Dave Campbell's Texas Football presents: The Texas Football Fan Survival Kit

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For football fans in the state of Texas, the offseason is already tough. When you factor in a global pandemic that has left nearly everyone homebound, this one could be particularly hard to endure. Everybody could use a football fix, and there doesn’t seem to be one coming anytime soon.

Never fear! Dave Campbell’s Texas Football is proud to unveil the official Texas Football Fan’s Survival Guide — everything you need to get through this offseason, especially if you’re stuck at home.

The Texas Football staff has put together seven different avenues for you to get your fix during the long, arduous offseason. With our help, you’ll be so immersed in football, you may even forget it’s not the season!

Relive Classic Games — by Greg Tepper

Maybe you’re the type of person who just can’t rewatch games — I get that. There’s a certain buzz you get from watching a game live, even if it’s a stinker. In fact, there are a fair number of people who would prefer to watch a terrible game as it happens than a replay of a great game.

But at this point, we’re getting a bit desperate, yeah? There’s basically no live sporting options outside of e-sports and marble racing, and so we’re left to live in the past. The good news: there are plenty of options when it comes to heart-stopping Texas football action of old.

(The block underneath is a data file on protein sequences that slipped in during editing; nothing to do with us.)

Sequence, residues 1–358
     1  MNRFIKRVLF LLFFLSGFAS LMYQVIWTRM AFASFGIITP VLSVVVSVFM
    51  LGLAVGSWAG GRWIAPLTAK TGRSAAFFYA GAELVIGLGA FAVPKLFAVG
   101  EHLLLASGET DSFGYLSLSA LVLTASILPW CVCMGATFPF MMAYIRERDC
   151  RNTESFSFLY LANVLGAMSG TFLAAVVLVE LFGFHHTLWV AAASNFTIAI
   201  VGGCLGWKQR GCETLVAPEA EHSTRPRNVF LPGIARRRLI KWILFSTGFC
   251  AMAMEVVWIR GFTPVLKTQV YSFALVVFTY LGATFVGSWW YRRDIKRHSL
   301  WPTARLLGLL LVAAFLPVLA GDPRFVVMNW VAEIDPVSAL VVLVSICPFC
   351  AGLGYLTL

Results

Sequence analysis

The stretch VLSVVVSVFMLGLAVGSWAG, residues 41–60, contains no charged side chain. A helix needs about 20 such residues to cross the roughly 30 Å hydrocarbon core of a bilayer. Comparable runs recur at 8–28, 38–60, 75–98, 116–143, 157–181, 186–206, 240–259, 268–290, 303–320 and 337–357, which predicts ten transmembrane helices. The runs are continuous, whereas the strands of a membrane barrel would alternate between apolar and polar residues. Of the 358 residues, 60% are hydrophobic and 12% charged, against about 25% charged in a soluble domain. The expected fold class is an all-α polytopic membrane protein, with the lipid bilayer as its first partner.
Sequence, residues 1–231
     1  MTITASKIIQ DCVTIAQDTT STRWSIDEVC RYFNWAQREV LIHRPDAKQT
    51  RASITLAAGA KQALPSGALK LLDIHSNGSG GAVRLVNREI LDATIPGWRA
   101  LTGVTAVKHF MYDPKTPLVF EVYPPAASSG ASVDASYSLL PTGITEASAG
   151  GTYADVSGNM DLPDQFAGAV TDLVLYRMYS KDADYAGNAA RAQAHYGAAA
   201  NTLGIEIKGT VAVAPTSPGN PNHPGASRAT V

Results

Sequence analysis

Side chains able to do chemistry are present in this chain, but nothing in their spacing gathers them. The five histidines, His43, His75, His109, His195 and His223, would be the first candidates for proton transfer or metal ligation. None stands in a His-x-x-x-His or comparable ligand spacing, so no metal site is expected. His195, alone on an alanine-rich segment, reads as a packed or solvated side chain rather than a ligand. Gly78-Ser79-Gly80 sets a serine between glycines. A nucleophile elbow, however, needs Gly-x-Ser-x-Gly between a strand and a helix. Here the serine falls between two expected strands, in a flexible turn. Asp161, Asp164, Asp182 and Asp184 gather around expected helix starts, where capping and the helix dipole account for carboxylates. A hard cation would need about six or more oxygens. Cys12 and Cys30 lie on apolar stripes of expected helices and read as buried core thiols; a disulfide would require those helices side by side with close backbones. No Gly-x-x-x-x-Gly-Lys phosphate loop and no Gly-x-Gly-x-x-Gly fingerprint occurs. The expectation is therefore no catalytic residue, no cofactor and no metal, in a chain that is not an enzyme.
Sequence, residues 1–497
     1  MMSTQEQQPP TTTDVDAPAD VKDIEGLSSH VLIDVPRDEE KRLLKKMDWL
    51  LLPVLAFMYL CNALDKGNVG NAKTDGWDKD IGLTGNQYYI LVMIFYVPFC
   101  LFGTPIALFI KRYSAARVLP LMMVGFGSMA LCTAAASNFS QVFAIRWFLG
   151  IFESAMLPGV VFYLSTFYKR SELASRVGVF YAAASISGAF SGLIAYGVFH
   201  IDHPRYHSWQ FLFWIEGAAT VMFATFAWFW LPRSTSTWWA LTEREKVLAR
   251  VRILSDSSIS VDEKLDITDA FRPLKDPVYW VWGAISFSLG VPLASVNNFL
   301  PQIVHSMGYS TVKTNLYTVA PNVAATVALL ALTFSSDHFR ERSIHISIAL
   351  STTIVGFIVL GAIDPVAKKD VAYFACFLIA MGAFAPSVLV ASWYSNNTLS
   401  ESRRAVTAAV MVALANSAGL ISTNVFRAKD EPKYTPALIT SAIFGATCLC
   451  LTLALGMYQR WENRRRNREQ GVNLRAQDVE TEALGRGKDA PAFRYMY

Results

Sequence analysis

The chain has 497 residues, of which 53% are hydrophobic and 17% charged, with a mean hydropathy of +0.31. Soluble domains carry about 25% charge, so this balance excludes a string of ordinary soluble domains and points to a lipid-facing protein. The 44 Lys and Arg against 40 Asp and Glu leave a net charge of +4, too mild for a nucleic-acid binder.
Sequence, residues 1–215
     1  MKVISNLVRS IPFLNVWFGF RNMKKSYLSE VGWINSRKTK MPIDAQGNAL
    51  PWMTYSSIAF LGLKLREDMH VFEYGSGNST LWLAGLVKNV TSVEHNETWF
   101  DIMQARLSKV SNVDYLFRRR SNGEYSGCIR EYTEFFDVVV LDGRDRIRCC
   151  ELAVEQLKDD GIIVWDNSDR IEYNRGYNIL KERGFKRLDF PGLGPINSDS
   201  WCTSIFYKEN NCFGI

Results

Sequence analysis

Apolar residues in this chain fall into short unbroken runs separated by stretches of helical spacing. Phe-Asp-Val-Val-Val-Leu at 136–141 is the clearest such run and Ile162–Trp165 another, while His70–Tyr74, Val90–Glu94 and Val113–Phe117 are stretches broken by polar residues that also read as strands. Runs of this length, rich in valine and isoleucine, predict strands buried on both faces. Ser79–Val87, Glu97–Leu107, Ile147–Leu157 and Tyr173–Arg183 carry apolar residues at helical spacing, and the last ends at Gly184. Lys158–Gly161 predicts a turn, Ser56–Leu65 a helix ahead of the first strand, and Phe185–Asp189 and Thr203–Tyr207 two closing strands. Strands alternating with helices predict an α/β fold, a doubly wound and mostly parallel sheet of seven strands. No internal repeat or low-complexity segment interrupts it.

So we collected as many as we could find on YouTube — 191 games and counting. There’s a ton here (and a ton I’m sure I’m missing — if you find one that needs to be added, let us know on Twitter!) and they’re sure to keep you busy. But if you’re looking for some suggestions on where to start, here are five recommendations:

Argyle vs. Fairfield — 2013 3A Division II State Championship

Still one of my all-time favorite Texas high school football games…Larry Rose III of Fairfield and Ian Sadler of Argyle just throwing haymakers at one another for two hours.

Kerrville Tivy vs. San Antonio Madison, 2010

Watch Johnny Manziel set a state record for attempts in a game (75) and light up a good Madison defense for 581 total yards and five touchdowns.

Texas A&M vs. LSU, 2018

Seven stinkin’ overtimes.

Texas vs. USC — 2005 BCS National Championship

Vince. Young. Scores.

Texas A&M-Commerce vs. West Florida — 2017 Division II National Championship

Luis Perez guides the Lions to the national title.

Refine Your X’s and O’s — by Shehan Jeyarajah